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Vice-Chancellor’s blog: Oh, the lovely fickleness of an April day!

W. H. Gibson was right, April weather is so unpredictable. One moment there is brilliant sunshine, only to switch to freezing rain faster than you can say “digital examination.” No, nothing is as usual, especially this spring. Some mornings it feels like the only thing you can be sure about is the weather, but then you’re reminded, it’s April.

Anna-Karin Andershed, Deputy Vice-ChancellorWe’ve all made a lot of changes in our lives and our work, which few of us ever imagined possible. Now, slowly but surely, the unfamiliar has somehow become familiar. I still imagine I’m going off to work every morning and, in my head, I’m still going home after a day’s work. You adapt to these new ways of meeting and working together. Get used to broadband congestion in the afternoons, with two working stay-at-homers and a restless teenager in the house. Accept when your house pet makes ear-splitting demands of its humans and satisfied doing so, even in the middle of the day.

At home, it’s not easy to compensate for a hello in the hallway, coffee break chitchat and small talk before and after an IRL meeting. The spontaneity of an unexpected meeting. Or how to substitute for the interaction during a conversation when the person speaking is in the same room. Talking with them, not to them. The deafening silence after a meeting when everyone leaves the virtual room.

There is something very human about longing for one’s place of work. For colleagues. For our students. To be back in a work-related social context. It’s perfectly natural to want to be in a proper work environment to be able to focus on your job. You miss that creaky office chair. Your familiar keyboard. The sound of footsteps in the hallway. The whirr of the ventilation system. The silence when it switches off, a reminder that you’re there longer than planned. A knock on the door that interrupts you for the umpteenth time. A spontaneous question. I can even miss interruptions – they gave me breaks I hadn’t noticed I’d taken or needed.

Yet, I realise we’ll have to miss it a little while longer. We must persevere in taking our collective responsibility. That those of you who can work from home do just that. This helps those who must be at work because their work doesn't allow for anything else. If you absolutely must be on campus, keep physical distance to each another. Respect the recommendations we’ve all been given. Those who know better than I do – about what we’re at risk of being exposed to – they’re saying that it’s not over, not by a long shot. That’s something I just have to accept.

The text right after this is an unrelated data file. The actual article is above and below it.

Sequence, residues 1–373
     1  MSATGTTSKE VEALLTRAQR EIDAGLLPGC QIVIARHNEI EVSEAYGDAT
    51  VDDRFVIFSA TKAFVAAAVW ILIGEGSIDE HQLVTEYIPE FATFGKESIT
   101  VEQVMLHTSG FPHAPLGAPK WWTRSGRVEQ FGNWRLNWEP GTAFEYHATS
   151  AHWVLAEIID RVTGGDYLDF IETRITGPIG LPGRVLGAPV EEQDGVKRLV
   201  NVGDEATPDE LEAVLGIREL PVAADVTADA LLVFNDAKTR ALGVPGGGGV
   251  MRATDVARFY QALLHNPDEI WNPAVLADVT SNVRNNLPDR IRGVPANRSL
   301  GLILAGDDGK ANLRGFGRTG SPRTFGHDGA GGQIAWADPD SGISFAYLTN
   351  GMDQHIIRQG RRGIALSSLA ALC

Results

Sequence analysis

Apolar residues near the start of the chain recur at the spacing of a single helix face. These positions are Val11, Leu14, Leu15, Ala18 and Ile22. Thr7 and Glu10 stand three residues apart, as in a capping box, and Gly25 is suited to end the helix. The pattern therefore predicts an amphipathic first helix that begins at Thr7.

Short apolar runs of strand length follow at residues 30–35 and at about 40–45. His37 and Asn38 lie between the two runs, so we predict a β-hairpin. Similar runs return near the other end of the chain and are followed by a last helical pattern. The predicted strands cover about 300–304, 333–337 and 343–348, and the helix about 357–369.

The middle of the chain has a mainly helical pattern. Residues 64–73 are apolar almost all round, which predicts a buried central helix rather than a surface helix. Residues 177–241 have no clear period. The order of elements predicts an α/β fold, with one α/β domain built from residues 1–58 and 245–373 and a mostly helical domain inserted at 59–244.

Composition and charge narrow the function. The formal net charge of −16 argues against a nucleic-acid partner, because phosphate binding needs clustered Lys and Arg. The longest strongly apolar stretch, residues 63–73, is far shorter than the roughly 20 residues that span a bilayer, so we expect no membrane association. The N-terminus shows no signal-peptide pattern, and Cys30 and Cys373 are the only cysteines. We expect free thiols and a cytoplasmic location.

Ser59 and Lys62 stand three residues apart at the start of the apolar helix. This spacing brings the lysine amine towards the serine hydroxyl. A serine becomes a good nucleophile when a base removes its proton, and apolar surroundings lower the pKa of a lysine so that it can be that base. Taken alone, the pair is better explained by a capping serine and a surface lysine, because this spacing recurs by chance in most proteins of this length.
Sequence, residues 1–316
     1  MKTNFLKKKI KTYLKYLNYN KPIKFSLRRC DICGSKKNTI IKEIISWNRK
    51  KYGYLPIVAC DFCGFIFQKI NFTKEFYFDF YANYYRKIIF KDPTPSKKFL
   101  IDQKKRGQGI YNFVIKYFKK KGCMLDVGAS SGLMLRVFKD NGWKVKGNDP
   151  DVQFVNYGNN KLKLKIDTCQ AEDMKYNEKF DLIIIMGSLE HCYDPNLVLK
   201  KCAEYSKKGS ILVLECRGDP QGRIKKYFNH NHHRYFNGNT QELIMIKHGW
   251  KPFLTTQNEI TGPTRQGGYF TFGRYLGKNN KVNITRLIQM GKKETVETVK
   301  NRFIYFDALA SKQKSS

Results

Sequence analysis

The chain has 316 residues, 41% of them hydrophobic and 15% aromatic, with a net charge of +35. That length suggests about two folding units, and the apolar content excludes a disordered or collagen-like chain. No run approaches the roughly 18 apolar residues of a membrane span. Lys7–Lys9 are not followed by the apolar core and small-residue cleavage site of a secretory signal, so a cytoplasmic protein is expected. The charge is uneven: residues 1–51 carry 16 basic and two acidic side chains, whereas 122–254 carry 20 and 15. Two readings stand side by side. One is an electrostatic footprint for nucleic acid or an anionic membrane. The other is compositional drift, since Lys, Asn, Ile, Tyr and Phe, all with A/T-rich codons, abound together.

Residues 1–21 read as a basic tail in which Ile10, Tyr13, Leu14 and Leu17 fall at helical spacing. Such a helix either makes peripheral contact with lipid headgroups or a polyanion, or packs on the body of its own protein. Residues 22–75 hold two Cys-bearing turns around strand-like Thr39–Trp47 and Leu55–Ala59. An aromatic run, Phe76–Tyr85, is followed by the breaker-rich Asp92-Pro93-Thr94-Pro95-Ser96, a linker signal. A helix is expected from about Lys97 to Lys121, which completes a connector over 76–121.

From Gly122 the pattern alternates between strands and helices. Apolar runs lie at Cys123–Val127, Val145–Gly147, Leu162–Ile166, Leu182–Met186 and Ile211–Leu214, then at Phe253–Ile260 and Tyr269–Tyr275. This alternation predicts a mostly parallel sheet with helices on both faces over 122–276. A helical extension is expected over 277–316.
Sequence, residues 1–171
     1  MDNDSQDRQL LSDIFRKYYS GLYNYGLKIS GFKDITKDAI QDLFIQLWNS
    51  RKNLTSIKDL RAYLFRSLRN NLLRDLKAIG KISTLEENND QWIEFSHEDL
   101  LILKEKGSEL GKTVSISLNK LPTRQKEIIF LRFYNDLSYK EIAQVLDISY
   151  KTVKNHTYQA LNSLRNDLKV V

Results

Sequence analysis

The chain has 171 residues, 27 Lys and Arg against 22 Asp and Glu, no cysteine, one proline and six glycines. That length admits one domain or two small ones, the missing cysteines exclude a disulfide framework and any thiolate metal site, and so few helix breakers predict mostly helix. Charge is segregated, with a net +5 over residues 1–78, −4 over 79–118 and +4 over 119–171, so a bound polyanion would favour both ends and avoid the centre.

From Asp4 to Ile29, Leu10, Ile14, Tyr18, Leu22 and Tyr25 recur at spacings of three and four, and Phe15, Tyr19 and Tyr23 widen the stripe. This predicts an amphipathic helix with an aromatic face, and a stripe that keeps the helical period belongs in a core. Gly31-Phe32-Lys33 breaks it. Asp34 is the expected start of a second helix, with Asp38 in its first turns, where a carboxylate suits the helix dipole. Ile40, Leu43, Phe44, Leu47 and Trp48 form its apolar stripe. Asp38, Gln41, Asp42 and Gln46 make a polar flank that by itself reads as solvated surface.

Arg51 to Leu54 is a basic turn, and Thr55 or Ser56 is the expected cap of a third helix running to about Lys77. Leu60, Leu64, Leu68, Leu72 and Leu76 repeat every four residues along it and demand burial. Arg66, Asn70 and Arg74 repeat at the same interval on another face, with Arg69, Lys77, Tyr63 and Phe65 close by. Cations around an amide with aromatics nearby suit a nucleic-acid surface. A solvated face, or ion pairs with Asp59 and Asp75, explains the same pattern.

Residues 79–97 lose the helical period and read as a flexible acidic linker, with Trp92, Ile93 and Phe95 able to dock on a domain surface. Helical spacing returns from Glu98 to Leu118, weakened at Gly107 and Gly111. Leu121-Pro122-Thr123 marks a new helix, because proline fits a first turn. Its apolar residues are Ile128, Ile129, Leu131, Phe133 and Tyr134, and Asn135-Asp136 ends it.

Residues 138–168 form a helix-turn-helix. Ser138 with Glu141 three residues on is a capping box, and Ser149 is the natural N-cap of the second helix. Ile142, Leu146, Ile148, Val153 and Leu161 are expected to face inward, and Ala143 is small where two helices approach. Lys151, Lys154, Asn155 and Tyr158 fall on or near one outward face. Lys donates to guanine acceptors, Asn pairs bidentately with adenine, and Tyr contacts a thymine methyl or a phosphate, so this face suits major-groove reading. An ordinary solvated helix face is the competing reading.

At the same time, I encourage you to keep in touch with your colleagues. We need one another, we’re only human. Even in subjects that are "solitary by nature" – as a co-worker once explained when I wondered why co-authoring of research papers was conspicuously missing in that field. Accept invitations to digital coffee breaks, join colleagues in Zoominaries and for Teams lunches. Go for a walk together via FaceTime. Host a brainstorming party in Blackboard Collaborate. Okay, what you do outside of working hours is not my business, but I have heard that AW can also be arranged remotely.

On Thursday, we will celebrate Valborg (Walpurgis Night). Together, but then again not. I will be at Örebro Castle along with our county governor, our director cantorum and one of Örebro Student Union’s vice-presidents, to lead the live streaming of our online Valborg celebratory gathering. It won't be like usual, of course, but I think it will be wonderful. I am extremely proud of all those who had the courage to sit in front of the computers to contribute to our spring choir. This idea apparently inspired others, not the least Swedish Radio. That's flattering! Welcome in joining us online  Thursday 30 April at 21:00 at It will be great!

In my garden, tulips, narcissus, and white pearl hyacinths have made their way from the frozen earth and through last year's dried flower stalks. The plum and cherry trees are in full bloom. This year we can’t really accuse spring of being hesitant. I think she wants to encourage us to catch a glimpse of her beauty, in today’s uncertainty. Because after the rain comes sunshine – apparently even some snow. However, the order is uncertain. Flowers are coming into bloom, despite the threat of frostbite. And we, we'll make it through this spring also. Together.

Anna-Karin Andershed
Deputy Vice-Chancellor

Jerry Gray